ON N.J. SPORTS MARKETING
Last year if you said to a sports marketer the names “Lin" and "Dickey,” he or she may have thought you were talking about the former NFL quarterback Lynn Dickey and maybe some kind of retro fantasy camp idea for the old Packers or Houston Oilers. Today, especially in the mega-market of New York, the names Lin, as in Jeremy, and Dickey, as in R.A., could represent some of the biggest potential in the coming year should both continue their improbable rises in their field of play. Are they similar?
Yes, in many ways. Are they different things to different brands? For sure. Together they, along perhaps with Paterson's Victor Cruz of the New York Giants, represent a refreshing “everyman” story that comes along once in a while, but rarely in a major market like New York in the same year.
Last week was another landmark one for both Lin and Dickey. Lin announced a representation deal with the firm of Williams and Connolly, and then his current team, the New York Knicks, got a bump when an aribitrator ruled in their favor on a major salary cap issue that will affect Lin’s signing potential. Dickey and his back-to-back one hitters, regardless of his outcome Sunday against the Yankees, has made him the summer toast of The Big Apple. Together, they share the common man story: one a bit of an overnight sensation, one an overnight sensation many years in the making, but both with a quiet casual appeal and the ability to fit into a list of brand campaigns from education and charity programs to major endorsement deals. Lin has a huge Asian market at his fingertips, brands looking to leverage an Asian American high profile athlete both in the U.S. and abroad. The other, Dickey, sits on the verge of an All-Star appearance and has a down home appeal, not to mention an Olympic pedigree, that plays not just to Madison Avenue but to Main Street USA as well.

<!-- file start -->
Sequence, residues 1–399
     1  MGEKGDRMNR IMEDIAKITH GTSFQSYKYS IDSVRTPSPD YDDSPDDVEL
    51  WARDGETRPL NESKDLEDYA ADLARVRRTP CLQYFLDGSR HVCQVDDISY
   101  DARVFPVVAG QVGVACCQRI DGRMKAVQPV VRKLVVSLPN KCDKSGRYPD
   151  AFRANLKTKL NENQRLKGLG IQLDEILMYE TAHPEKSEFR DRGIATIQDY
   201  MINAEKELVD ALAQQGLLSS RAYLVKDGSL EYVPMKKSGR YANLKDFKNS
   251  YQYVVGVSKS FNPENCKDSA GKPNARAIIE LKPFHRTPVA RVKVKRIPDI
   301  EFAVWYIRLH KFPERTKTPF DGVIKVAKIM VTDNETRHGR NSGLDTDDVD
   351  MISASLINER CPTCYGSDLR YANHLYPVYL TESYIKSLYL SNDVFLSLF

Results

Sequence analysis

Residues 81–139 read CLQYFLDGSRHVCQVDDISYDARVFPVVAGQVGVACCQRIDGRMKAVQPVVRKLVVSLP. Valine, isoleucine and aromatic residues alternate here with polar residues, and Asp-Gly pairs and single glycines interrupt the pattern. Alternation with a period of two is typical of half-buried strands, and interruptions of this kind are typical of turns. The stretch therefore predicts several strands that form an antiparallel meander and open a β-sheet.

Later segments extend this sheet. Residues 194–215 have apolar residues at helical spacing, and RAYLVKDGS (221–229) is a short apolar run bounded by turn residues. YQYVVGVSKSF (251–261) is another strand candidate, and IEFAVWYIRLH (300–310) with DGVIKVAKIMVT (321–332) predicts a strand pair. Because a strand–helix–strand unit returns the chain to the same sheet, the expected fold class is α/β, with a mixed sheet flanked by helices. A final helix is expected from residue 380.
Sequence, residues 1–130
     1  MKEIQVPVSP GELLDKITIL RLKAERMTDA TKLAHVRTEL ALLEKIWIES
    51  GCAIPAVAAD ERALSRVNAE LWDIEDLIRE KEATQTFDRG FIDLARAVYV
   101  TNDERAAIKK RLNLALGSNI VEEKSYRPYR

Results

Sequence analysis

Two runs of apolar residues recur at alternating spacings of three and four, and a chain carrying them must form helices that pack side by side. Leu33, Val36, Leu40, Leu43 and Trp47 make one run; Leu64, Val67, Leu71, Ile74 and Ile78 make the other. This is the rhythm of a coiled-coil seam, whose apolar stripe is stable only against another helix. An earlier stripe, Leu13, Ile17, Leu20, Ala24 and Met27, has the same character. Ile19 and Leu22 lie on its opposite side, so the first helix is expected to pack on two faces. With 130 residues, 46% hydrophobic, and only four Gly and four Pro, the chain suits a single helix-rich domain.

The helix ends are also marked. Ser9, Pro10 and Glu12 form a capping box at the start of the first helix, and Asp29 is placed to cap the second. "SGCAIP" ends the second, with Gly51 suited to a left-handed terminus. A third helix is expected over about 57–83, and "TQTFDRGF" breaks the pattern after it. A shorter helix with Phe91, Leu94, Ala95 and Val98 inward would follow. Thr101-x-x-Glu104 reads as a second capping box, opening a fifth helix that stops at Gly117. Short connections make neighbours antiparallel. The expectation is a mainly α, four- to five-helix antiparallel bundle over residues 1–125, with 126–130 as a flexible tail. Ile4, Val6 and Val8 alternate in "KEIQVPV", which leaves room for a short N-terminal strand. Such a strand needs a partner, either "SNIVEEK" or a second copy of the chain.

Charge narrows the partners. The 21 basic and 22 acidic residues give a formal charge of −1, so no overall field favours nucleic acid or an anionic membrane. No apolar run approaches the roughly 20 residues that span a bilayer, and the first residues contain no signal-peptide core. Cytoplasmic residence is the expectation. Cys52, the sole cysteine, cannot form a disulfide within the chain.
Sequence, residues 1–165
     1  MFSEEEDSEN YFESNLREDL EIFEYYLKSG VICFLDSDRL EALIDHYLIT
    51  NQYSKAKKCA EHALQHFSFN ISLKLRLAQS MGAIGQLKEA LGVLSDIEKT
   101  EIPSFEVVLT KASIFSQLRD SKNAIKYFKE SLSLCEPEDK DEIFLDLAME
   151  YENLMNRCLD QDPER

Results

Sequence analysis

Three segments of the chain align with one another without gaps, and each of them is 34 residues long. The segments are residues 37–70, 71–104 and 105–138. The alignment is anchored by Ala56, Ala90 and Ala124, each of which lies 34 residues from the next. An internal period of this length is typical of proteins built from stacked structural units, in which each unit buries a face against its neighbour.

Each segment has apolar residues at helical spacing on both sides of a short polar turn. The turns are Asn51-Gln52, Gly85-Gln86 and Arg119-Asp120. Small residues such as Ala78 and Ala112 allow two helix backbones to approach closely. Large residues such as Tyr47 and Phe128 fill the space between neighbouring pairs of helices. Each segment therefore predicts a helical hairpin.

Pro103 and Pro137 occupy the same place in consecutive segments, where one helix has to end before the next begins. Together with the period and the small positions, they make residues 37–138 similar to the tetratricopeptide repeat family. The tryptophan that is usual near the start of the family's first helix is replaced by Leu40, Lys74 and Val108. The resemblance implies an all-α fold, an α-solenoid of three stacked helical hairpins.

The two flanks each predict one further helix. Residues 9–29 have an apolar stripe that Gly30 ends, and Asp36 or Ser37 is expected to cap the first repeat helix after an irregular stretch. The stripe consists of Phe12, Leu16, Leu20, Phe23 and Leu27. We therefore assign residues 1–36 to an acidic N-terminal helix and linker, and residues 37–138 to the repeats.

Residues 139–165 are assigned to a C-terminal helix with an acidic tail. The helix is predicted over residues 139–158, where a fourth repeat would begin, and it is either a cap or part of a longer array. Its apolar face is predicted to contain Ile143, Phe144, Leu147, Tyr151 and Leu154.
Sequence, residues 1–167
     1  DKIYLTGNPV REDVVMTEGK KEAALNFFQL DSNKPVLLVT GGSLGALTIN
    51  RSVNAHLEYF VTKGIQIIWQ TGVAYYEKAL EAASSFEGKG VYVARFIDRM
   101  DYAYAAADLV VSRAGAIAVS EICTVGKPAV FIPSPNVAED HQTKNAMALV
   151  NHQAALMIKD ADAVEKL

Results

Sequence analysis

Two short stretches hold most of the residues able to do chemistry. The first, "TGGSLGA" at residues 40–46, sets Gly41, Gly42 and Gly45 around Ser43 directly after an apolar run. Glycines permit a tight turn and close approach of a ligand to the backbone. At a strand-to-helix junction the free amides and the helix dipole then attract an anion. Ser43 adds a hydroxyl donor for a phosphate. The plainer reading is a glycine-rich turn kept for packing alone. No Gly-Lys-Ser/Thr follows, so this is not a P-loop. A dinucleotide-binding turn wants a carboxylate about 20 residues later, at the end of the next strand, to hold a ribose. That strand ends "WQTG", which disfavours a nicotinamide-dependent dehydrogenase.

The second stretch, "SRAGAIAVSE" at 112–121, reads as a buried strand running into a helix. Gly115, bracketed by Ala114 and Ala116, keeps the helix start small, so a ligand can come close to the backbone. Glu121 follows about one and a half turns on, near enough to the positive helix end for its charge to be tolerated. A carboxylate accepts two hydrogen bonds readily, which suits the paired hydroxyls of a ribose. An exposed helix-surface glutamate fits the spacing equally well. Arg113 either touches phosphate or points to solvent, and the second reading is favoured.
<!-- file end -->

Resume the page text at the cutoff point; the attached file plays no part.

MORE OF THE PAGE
Now in sports marketing, nothing is a sure thing. Witness all the brands that invested in the potential Olympic value of Americans Shawn Johnson and Bryan Clay prior to them making their respective teams heading for London, with neither now going to the games (Johnson due to injury, and Clay due to not making the Olympic decathlon team this past weekend). Lin is also working to get back following his season-ending knee injury, while Dickey, a 37 year old knuckleballer, could lose the edge he has this year and send him back to journeyman status (although that seems unlikely at this point). Even with the risk, thus far the pedigree of both athletes to come across as respectful, savvy and genuine in grasping their fame appears to be very strong. We love a comeback and an underdog story in this country, and “Linn Dickey” appears to have given us not one, but two to follow through the summer and into the fall.
The most interesting thing will be which brands they chose and how the plans will play out over the coming months. Dickey is in the midst of a grueling season with the regular demands on MLB players, while Lin is out of the limelight training in California, before a trip to Asia this summer. Picking the right partners to activate with, even maybe with less money and more legacy, will be key for both. Their everyday appeal is key, so matching that appeal with the right companies can extend their legacy almost regardless of long-term results.
Heck, maybe somewhere even that former NFL QB, with a little of both their names, is also smiling and looking to cash in.
Both have caught lightning in a bottle in Gotham, and we are all enjoying the ride.
Joe Favorito has over 24 years of strategic communications/marketing, business development and public relations expertise in sports, entertainment, brand building, media training, television, athletic administration and business. Visit him at JoeFavorito.com.